Skip to main content

Alice Harnischfeger

Alice Harnischfeger headshot

Affiliation: Doctoral Student
Program: PhD, Teaching and Curriculum
Education: MS, Nazareth University (Special Education); B.S., The College at Brockport, State University of New York (Psychology)
Dissertation: Looks at how youth, who have been placed in an alternative education program within a successful public middle school, construct identities in relation to school

Background: Taught English and other content area subjects, mainly in the area of special education/inclusion, in K-12 schools for 26 years

Career Goal: College/university professor and researcher who broadens the understanding and expands the definition of inclusion to include all students

As a former teacher in a suburban school considered high-performing by state standards, Alice Harnischfeger was haunted by the students who were struggling academically in school despite not fitting into any special needs categories. The number was small, about 1 to 3 percent, but when she thought about what that meant when multiplied across every school in every district, the implication was significant.

And research, she says, pays little attention to this group.

“There’s a gap in educational reform efforts for these kids,” says Harnischfeger, a doctoral student in teaching and curriculum. “Of course there are huge needs we should study—urban and high-poverty areas, for example—that are very deserving and critical. But this sort of research is also vital, more than worthy, and even necessary.

“I think it’s more societal and school practices that create situations where kids are slipping through the cracks.”

Exploring student engagement and disengagement, with a focus on the effects of sociocultural constructions and identity, Harnischfeger is conducting qualitative research with about a dozen eighth-graders in a suburban school. The students have been identified by the school as being academically at-risk; some have been determined to also have needs that involve behavior.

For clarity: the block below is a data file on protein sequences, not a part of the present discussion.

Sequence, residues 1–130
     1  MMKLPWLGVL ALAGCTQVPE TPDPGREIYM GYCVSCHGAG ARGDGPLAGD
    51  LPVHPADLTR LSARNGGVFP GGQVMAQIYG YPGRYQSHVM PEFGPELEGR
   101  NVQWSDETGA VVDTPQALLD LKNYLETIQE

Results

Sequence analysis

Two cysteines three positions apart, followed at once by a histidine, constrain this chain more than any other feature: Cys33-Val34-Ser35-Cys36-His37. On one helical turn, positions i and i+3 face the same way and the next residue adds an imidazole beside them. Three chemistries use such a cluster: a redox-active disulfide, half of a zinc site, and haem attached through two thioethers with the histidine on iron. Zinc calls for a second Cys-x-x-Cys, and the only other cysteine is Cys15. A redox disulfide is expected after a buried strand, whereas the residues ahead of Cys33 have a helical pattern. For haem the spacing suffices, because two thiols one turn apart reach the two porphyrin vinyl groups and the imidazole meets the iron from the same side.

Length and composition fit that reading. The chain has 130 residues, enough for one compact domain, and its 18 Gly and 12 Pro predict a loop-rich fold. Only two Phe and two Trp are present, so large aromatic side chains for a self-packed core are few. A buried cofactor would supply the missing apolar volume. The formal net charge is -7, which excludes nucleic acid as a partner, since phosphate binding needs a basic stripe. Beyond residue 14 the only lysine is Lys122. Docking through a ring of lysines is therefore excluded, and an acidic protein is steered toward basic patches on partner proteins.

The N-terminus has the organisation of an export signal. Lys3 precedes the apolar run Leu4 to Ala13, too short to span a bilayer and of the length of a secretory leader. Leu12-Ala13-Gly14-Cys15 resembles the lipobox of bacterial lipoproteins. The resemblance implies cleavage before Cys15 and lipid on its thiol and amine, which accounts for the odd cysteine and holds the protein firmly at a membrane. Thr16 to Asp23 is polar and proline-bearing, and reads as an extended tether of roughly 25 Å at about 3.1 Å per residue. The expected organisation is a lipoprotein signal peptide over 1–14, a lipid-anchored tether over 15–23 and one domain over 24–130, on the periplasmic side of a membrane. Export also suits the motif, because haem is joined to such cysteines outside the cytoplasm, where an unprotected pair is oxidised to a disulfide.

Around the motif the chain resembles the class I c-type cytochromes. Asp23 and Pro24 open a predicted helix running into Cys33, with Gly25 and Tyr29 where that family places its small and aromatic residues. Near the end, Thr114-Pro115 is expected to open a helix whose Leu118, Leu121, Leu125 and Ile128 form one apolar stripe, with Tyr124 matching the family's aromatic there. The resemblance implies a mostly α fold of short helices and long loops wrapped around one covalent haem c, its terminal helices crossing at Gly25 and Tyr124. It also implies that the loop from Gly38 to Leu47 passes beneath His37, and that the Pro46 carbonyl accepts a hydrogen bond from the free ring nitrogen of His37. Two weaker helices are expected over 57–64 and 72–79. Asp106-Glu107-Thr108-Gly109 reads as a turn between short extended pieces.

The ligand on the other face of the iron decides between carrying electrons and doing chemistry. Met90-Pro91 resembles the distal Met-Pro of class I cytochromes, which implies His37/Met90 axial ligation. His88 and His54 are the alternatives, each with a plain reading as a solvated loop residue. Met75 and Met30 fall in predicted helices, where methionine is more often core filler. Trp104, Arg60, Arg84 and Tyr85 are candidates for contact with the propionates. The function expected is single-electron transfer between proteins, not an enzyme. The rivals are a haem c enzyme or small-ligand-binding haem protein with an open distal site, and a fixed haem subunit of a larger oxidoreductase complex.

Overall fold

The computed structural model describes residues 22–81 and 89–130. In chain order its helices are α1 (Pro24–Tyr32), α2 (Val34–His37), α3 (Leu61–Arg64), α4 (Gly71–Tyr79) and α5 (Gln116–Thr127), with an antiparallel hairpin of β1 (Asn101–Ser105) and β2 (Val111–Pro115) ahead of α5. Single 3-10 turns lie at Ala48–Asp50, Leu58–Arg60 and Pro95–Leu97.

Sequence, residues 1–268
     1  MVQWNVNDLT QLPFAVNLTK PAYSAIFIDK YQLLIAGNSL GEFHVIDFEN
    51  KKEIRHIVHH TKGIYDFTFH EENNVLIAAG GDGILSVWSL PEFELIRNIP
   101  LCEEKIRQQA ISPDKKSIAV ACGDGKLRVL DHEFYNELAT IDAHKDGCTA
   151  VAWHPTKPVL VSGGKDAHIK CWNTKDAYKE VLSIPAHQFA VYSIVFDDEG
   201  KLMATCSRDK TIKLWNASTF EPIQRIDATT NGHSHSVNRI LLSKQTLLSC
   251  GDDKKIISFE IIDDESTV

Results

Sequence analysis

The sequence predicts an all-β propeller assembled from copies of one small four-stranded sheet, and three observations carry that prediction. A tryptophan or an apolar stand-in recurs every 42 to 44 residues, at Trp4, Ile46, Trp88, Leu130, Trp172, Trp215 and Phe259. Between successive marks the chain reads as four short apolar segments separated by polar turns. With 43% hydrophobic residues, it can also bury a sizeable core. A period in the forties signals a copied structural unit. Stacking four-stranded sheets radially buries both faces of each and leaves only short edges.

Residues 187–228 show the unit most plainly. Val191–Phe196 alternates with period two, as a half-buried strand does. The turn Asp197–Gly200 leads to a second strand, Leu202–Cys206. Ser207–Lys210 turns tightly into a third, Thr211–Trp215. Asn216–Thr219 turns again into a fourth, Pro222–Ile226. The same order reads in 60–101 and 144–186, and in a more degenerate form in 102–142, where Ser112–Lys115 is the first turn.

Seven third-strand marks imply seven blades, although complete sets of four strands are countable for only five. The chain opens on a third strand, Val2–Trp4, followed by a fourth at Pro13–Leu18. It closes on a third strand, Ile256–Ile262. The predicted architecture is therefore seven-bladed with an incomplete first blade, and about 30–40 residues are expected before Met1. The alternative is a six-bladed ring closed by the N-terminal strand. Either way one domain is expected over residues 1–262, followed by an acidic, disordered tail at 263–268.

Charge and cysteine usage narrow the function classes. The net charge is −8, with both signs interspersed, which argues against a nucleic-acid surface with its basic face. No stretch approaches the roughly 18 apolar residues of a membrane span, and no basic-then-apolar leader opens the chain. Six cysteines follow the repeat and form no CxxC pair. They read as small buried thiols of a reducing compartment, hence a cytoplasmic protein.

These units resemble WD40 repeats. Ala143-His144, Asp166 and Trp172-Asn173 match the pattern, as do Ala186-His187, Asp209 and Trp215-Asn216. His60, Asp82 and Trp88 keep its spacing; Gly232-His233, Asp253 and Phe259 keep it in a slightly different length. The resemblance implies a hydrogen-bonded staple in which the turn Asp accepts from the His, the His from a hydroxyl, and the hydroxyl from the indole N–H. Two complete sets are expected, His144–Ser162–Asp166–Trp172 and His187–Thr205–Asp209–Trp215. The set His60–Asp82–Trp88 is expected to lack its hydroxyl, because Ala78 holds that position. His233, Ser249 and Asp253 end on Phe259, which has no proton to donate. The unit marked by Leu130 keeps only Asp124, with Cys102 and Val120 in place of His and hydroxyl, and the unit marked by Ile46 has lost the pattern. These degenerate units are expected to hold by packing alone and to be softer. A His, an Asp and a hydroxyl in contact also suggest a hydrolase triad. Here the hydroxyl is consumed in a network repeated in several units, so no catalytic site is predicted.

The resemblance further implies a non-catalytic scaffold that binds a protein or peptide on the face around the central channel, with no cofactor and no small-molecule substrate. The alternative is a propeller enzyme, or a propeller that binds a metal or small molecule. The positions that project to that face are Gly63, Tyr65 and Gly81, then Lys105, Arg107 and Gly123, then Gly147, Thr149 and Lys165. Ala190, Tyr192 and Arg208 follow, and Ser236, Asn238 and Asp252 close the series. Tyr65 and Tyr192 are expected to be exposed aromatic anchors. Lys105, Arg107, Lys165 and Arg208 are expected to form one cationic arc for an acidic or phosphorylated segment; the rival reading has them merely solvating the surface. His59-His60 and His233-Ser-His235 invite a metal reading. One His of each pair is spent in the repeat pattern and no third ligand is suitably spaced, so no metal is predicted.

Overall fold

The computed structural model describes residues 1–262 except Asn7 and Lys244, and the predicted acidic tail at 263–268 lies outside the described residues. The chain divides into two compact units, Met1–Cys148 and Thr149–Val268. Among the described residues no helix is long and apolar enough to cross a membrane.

In the preliminary stages of her research, Harnischfeger predicts that she’ll find what she has seen before—that the students “may not be seen as succeeding in the school’s narrow academic intelligence areas, but there are so many layers to them and they are rich as people, even though for some reason that’s not being recognized.”

Her interest lies in understanding the effect of school practices on the identities these students create, and any possible ramifications that may be associated with these constructions in the future.

This past summer, Harnischfeger was one of 25 international applicants selected to attend the first International Society for Cultural and Activity Research program in Russia. Taking place at the Moscow State University of Psychology and Education, the week-long program brought together Ph.D. students in different disciplines from across the globe for an intensive teaching program and informal exchange of ideas. Calling it one of the best experiences of her life, Harnischfeger is concentrating now more than ever on the freedoms we have in this country not only to openly share ideas but to make them happen.

In her research and as an educator for student teachers, she is working toward expanding the definition of inclusion to truly include all students.

“We have some wonderful teachers and scholars in the field, but I worry about the bigger system,” she says. “That’s why Warner is the perfect match for me, just being with professors and students who also recognize the need for in-depth reforms—and the possibilities of what we can do.”